Knoedler Gallery Rothko Forgery Case Settles With Casino Owner




Another of the mounting lawsuits in the worlds largest art forgery case, centring around the now-defunct Knoedler Gallery in New York has settled out of court. Seven of the 10 lawsuits involving the scandal have now come to an agreement. The Knoedler Gallery was one of the most respected galleries in the world and NY’s longest established.

Fertitta thought there could be a problem with the painting after the forgery scandal came to light in 2013

Billionaire Frank Fertitta III a casino owner has come to an agreement with the former Swiss art expert Oliver Wick over the sale of a $7.2 million Mark Rothko painting that was part of the scandal, that rocked the gallery establishment.

The settlement, dated April 11, was undisclosed. According to the dismissal order, “all claims are voluntarily dismissed with prejudice without costs or fees to any party.”This was the second case involving Fertitta and Knoedler. Last October the gallery’s former president Ann Freedman, also settled their case.

Fertitta purchased the Rothko forgery for $7.2 million in 2008 from the upper-east-side establishment. He flipped it in 2011. The lawsuit, stated, that he first thought there could be a problem with the painting after the forgery scandal came to light in 2013. He subsequently reimbursed the buyer $8.5m for the forged painting.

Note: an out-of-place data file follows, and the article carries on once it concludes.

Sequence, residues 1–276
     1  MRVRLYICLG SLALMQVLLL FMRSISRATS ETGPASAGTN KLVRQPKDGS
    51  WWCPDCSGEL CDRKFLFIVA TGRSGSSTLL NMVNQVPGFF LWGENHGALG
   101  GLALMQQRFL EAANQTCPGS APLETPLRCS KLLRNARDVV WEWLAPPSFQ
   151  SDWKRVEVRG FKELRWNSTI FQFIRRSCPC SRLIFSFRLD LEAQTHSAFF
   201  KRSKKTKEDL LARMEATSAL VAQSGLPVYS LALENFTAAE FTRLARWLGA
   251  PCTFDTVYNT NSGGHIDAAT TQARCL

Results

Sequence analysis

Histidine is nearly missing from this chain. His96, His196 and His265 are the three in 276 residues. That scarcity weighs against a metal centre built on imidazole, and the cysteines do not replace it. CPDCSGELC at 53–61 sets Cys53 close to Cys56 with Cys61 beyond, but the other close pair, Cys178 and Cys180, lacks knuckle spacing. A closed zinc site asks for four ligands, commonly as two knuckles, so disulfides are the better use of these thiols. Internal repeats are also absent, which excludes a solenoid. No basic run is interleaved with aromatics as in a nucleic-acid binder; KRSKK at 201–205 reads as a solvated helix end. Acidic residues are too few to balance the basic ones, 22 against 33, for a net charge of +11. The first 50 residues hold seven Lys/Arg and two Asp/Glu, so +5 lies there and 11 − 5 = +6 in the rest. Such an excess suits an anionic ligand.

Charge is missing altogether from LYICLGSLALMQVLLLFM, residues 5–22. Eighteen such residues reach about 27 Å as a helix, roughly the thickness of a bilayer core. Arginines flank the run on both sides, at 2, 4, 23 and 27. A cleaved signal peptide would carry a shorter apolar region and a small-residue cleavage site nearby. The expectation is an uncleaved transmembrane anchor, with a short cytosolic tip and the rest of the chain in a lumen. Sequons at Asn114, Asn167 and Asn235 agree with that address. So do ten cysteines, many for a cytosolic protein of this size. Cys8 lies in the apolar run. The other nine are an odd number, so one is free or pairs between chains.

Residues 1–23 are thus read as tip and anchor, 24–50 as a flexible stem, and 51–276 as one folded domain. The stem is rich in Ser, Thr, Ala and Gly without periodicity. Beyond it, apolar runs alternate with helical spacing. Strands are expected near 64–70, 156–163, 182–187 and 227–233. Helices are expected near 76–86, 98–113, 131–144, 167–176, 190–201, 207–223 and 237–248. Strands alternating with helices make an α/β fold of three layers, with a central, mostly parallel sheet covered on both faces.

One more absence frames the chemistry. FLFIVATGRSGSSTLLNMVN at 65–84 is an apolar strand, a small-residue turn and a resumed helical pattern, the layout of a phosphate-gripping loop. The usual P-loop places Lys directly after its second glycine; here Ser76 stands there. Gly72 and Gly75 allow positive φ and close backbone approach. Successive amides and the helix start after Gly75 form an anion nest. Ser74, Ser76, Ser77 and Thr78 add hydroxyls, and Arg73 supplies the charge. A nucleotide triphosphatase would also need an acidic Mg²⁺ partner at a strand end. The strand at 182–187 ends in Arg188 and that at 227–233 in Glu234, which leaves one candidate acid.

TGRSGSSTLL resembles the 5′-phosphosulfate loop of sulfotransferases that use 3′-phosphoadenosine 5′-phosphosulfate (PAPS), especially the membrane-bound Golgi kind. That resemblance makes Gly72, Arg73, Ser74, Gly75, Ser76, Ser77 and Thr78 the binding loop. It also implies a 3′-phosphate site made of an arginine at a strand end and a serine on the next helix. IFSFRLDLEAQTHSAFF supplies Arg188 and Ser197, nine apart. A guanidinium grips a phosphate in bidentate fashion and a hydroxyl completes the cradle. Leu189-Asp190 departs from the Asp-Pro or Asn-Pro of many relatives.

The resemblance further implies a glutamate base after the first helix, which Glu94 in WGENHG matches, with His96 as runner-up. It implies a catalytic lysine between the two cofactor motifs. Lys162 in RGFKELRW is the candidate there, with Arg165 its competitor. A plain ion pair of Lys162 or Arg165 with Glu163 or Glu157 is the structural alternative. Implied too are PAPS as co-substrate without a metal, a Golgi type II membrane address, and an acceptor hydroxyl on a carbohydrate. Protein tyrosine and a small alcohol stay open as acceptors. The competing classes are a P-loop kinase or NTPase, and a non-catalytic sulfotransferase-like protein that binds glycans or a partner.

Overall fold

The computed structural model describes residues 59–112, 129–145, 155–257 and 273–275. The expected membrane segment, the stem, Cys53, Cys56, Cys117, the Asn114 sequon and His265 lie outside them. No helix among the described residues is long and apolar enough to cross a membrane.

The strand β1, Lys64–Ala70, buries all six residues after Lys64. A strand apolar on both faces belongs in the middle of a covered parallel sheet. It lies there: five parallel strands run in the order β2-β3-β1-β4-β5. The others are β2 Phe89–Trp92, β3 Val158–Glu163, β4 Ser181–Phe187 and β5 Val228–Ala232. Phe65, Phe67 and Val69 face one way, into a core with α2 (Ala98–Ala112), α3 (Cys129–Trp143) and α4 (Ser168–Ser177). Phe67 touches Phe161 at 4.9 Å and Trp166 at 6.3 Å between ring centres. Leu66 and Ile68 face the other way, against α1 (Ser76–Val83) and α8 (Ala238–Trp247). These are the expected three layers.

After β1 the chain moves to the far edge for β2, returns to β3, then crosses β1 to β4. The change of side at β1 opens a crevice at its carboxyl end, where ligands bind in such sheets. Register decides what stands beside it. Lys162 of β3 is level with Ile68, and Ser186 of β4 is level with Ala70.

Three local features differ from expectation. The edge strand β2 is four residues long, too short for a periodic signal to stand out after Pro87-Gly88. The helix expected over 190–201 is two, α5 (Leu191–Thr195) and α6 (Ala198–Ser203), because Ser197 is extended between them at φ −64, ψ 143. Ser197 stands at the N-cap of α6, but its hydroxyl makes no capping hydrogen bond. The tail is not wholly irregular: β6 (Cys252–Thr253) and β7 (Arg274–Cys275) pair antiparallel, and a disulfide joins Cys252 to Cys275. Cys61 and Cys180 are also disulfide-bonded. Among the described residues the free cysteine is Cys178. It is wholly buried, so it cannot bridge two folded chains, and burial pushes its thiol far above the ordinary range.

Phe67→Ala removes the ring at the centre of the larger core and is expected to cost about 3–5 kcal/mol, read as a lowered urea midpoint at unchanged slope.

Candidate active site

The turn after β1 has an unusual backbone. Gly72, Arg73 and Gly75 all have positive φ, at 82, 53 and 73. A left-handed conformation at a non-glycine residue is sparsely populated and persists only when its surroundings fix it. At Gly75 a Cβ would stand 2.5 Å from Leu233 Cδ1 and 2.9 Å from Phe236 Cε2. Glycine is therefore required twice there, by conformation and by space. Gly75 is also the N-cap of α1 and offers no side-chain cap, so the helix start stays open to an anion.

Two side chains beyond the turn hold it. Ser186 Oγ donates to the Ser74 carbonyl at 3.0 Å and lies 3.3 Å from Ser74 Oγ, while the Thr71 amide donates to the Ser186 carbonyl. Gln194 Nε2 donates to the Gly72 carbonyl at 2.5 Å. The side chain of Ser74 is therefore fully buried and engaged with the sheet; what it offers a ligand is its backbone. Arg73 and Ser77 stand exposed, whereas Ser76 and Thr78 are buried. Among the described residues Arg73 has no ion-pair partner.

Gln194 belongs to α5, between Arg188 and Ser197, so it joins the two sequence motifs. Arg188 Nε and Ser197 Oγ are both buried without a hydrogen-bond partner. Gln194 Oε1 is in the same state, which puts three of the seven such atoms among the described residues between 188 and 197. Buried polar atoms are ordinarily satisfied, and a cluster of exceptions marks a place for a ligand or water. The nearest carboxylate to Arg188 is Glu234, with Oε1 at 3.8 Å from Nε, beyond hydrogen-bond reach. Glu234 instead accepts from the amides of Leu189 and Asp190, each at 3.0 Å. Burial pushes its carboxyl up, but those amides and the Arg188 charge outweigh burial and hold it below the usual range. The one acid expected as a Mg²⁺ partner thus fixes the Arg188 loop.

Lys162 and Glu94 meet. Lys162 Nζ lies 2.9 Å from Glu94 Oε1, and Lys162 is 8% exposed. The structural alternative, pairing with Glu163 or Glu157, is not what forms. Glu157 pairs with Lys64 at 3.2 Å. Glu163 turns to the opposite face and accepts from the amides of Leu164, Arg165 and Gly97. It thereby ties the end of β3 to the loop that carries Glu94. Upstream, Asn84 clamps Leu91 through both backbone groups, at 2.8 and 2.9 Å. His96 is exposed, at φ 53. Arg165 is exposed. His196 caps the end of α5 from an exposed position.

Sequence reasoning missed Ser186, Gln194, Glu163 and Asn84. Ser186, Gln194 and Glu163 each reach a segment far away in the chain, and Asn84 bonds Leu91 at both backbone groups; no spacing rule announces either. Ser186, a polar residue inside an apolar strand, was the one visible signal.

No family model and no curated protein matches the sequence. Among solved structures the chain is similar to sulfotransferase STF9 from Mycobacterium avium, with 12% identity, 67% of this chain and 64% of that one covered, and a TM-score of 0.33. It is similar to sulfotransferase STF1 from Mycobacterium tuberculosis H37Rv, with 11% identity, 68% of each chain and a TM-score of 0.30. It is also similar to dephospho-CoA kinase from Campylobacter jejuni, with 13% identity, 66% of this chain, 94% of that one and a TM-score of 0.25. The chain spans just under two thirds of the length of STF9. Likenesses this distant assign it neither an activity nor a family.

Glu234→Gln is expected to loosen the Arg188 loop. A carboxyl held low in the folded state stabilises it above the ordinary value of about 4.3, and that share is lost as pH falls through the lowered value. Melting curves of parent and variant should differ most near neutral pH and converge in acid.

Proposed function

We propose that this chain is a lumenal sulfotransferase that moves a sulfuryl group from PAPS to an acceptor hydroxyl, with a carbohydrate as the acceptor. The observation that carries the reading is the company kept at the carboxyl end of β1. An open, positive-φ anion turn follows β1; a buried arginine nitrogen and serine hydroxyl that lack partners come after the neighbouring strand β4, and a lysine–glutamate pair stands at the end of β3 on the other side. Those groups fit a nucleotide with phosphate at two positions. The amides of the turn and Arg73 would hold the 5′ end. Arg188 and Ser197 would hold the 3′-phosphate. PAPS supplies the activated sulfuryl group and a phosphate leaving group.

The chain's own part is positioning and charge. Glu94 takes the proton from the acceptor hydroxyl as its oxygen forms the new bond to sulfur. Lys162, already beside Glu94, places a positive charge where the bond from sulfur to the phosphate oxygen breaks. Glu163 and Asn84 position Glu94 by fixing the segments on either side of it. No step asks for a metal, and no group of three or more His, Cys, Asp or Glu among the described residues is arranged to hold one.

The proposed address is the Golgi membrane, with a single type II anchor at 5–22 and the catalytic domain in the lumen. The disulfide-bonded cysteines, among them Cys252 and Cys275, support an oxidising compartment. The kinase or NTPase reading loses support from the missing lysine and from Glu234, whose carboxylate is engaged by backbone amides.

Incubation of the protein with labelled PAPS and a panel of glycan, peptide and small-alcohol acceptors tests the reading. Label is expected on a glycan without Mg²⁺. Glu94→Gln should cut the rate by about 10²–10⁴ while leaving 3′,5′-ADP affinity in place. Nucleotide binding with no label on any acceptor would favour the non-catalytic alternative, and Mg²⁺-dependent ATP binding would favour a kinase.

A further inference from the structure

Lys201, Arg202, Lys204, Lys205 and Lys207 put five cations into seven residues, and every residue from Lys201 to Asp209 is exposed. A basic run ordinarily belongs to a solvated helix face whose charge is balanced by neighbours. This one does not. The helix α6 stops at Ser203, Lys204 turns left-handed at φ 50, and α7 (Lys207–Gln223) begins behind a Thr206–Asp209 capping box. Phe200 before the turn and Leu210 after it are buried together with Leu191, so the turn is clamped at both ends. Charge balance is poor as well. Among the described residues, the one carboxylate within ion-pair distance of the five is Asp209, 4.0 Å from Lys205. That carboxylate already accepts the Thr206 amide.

This was the first case that didn’t actually target the Knoedler Gallery or Director Ann Freedman directly. Fertitta’s case was slightly different as he went after the curator/expert who authenticated the work. The complaint alleged that Wick received $450,000 and falsely confirmed to Fertitta that all do diligence was “perfectly fine.” This included the painting’s ever important provenance. Fertitta also claimed that Wick failed to do his own independent research. This was pure laziness on Wick’s behalf as he clearly trusted that the painting was OK as a result of his relationship with Ann Freedman and the good reputation of the gallery itself.

Mr Wich also tried to broker a painting to a German Museum museum for $18m. He was also told by other curators at the Beyeler foundation to remove a disputed painting by Barnett Newman. Mr. Wick, left the Beyeler to join the Kunsthalle Zurich. A Kunsthalle spokeswoman said his leaving the museum had nothing to do with the lawsuit. It is likely that Wick will never be trusted in an expert related capacity again.


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